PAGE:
The Greek royal family was intensely unpopular with the British Left and none too popular with anybody, including the British ministers who had assisted its postwar restoration. With the resignation of Tsouderos - a vehement supporter of the monarchy - from the position of the Prime Minister and the arrival of George Papandreou in Egypt, a new equilibrium of political forces was formed inside the exiled government which favoured the anti-royalist camp.
An issue of a constitutional nature became a bone of contention for the Greek political leadership during the 1943-44 period. The place of monarchy in postwar Greece became the symbolic battlefield for the ideological conflict within the Greek political leadership. Undoubtedly, this debate for the form of state was not a unique phenomenon in the political history of Greece: the split between the pro- and anti-royalist sections of the Greek population constituted one of the oldest political-ideological conflicts in modern Greek politics. The 1940-41 war had only temporarily overshadowed this problem, given the unanimous agreement among the constitutional and political (including the KKE) leadership of the country on the need to fight until the end.
However, with the cessation of hostilities in the Balkans and the occupation of the country, the debate for the future of postwar Greece once more brought the issue of monarchy to the surface. For many Greeks, politicians or not, the role of George II in the imposition of, and support for, the Metaxas dictatorship was a sufficient reason to justify the abolition of the institution of monarchy in the postwar era.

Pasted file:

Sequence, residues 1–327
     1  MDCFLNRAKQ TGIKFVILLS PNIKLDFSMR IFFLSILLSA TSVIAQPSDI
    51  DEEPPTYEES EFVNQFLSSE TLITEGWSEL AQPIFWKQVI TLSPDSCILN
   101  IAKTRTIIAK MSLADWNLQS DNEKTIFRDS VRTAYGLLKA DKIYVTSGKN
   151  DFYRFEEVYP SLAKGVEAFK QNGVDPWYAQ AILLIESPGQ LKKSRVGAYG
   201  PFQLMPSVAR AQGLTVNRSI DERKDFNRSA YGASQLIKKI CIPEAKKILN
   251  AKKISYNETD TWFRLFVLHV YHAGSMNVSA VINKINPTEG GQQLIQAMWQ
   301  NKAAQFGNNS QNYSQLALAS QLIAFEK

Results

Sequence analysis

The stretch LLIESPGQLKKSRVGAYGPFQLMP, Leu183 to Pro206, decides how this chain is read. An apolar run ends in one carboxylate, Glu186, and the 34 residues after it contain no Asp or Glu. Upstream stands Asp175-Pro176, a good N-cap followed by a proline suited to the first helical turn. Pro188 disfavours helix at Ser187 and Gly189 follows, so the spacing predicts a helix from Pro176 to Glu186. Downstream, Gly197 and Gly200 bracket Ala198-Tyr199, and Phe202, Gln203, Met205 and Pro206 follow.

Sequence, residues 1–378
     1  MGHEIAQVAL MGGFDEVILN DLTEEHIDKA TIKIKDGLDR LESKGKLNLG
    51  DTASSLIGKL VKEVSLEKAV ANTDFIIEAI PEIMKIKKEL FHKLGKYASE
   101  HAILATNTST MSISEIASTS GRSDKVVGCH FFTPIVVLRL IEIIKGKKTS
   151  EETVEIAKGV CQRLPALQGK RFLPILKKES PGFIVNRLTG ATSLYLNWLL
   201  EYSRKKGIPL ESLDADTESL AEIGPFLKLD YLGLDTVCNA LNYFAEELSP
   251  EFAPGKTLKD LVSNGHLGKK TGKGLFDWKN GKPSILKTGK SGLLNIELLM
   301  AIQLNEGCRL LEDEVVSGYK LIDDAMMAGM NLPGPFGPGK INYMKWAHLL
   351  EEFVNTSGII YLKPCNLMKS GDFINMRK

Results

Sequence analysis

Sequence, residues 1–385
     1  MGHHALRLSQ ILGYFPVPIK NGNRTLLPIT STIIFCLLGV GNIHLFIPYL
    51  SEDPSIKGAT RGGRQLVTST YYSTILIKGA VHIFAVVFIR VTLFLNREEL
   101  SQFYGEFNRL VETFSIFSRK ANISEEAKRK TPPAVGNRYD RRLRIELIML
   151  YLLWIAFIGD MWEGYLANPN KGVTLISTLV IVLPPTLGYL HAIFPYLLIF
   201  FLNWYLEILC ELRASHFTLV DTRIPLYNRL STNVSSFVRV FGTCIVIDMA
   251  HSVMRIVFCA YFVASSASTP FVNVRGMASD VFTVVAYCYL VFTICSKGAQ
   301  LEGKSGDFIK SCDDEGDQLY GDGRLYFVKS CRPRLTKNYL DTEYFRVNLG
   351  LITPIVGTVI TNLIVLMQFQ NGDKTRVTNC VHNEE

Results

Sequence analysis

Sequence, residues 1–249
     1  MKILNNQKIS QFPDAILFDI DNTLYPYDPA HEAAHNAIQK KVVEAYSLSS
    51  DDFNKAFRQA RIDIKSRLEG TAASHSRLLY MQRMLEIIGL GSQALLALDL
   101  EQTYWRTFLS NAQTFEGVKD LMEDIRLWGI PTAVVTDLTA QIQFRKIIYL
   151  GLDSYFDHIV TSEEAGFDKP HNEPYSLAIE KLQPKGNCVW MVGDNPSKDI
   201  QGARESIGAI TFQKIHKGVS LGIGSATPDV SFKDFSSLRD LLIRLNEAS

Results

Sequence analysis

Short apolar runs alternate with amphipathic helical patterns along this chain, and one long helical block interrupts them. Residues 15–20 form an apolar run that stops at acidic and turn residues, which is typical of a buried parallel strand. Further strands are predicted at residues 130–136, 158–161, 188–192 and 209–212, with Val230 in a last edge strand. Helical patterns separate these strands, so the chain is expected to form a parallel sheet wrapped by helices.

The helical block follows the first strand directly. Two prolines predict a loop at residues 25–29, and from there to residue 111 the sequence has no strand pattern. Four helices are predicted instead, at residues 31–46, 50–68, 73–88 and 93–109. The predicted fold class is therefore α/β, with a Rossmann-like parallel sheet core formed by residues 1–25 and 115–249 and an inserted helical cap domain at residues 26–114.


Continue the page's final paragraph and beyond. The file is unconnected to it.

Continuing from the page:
However, at this crucial conjuncture, the intervention of the British government was of decisive importance for the subsequent developments. Keeping George II firmly on the throne of Greece and ensuring his automatic return to the country after the liberation were the two constants of the British government's policy to Greece. This attitude openly defied the growing anti-royalist orientation of the majority of the Greek exiled government from 1943 onwards and the pressure from EAM/ ELAS for a plebiscite before the return of George II to the country.
As it became obvious that the last solution (plebiscite) had won over the majority of the Greek political leadership in Egypt, the British government advised George II to continue rejecting the condition of plebiscite. Nevertheless, the die had been cast: the Papandreou government had essentially accepted the condition as the basis for the Lebanon agreement. Isolated from the Greek political leadership, the King was forced to accept the plebiscite formula in 1944.
In September 1946, under conditions of extreme duress and fraud, no one was surprised when the monarchy received the support of a majority in a rigged referendum. King George promptly returned to Greece, but died in March 1947, to be succeeded by King Paul.